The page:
John L. Gann, Jr., "A New Old Role for College Towns? University Business, September, 2013, p. 60.

College towns are well positioned to join the revival of a popular adult education and recreation experience originating a century ago.

John L. Gann, Jr., "More Than a Campus Town," Ithaca (NY) Times, March 18, 2009, p. 11.

Business as usual in a college town may no longer work in as time of financial stress and other changing conditions. Instead of continuing as single-purpose places, college towns can become Univer-Cities no longer confined to students and scholars.

John L. Gann, Jr., "Nostalgia Fuels Economic Opportunity for College Towns," Davis (CA) Enterprise, August 17, 2008, p. A7.

College towns that over the past 50 years prospered as A Place to Learn can in the 21st century do as well or better as A Place to Live for both workers and retirees. The potential is especially rich among the Baby Boomers, since they were the first generation to pursue higher education in such large numbers.

John L. Gann, Jr., "New Challenges for College Towns," Ithaca (NY) Times, September 21, 2011, p. 6.

College towns like Ithaca, home of Cornell University, “have advantages that comparably-sized places would kill for.” And their emotional equity with alumni can make them good places to live or retire and not just places to learn.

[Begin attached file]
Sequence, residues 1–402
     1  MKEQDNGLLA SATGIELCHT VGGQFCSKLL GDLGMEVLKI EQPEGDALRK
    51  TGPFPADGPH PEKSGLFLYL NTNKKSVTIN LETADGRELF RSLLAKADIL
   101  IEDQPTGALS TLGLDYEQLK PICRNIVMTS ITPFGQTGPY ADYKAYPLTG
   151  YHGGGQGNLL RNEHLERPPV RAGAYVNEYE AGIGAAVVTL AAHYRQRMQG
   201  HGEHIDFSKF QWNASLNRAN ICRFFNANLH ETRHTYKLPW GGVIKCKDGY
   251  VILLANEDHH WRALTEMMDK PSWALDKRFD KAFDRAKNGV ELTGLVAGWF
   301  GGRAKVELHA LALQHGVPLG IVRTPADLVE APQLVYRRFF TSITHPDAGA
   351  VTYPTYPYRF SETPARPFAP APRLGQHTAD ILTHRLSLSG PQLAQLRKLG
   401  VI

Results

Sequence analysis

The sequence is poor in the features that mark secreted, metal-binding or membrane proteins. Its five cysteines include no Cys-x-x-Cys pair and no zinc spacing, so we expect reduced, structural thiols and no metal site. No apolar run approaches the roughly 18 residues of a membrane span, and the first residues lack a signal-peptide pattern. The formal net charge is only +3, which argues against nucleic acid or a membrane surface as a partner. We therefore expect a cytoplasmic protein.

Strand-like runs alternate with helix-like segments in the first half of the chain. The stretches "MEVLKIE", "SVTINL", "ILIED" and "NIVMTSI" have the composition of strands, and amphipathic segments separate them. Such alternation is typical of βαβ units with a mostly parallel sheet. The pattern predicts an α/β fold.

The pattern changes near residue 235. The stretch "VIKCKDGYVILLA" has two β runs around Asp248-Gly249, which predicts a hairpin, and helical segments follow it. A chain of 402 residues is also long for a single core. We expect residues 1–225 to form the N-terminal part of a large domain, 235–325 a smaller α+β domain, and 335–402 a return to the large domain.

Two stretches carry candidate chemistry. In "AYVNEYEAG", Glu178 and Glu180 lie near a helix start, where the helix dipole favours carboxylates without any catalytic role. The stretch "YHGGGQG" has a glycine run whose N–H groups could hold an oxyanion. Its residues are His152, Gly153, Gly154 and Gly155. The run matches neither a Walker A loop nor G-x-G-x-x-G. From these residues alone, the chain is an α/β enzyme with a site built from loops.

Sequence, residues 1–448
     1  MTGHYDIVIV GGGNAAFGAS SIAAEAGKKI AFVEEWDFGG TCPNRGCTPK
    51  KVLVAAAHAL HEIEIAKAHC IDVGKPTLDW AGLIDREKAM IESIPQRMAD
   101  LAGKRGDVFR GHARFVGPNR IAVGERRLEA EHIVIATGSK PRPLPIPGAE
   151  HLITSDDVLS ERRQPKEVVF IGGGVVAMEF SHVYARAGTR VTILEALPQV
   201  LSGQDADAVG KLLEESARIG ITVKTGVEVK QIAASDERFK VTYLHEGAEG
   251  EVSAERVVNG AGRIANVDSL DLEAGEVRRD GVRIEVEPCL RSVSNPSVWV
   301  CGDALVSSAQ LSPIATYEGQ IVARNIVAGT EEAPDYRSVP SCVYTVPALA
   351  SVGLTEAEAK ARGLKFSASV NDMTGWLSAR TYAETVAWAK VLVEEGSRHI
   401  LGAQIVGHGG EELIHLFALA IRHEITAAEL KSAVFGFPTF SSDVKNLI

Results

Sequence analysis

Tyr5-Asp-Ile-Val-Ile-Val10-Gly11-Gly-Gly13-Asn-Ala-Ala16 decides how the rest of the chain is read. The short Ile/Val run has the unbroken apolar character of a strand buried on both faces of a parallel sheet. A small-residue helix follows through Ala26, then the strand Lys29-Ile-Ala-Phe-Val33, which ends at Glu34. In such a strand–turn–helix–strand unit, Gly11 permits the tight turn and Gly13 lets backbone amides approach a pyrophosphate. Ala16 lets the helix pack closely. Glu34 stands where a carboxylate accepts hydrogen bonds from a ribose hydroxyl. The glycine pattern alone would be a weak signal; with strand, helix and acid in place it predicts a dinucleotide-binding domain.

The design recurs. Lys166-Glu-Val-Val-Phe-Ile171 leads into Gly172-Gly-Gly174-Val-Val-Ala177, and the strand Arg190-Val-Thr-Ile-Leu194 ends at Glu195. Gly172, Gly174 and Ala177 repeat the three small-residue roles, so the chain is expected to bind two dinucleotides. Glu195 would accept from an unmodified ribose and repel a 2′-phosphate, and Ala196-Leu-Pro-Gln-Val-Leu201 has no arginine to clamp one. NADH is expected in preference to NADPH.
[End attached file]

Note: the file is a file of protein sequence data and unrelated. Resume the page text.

John L. Gann, Jr., "Economic Opportunity for College Towns," Ames (IA) Tribune, August 17, 2008.

Their economies are threatened by distance learning, funding cuts, and demographic trends. But college towns can benefit from of the emotional tie alumni have to colleges.

John L. Gann, Jr., "City Should Get Retiring Alumni to Move Back," Madison (WI) Capital Times, June 6, 2012, p. 28.

A good college town like Madison has a lot to offer its alums when they retire. It should not keep its advantages to this group a secret.

John L. Gann, Jr., "New College Marketing Strategy: Adopt-a-Course," Syracuse (NY) Post-Standard, December 6, 2009, p. E1.

Schools could bring in new revenue while strengthening ties to alumni, emeriti, businesses, and local residents by offering “Class Act” sponsorships of individual courses. Class Acts might attract larger numbers of significant donors. The giving inclinations of the huge, widely-educated, and now mid-life-prosperous Baby Boomers might be redirected if such endowments were offered.

John L. Gann, Jr., "Marketing College Towns to Tourists, Clarion (PA) News, May 16, 2013, p. 6.

How college towns can draw visitors other than scholars, students, and their families.

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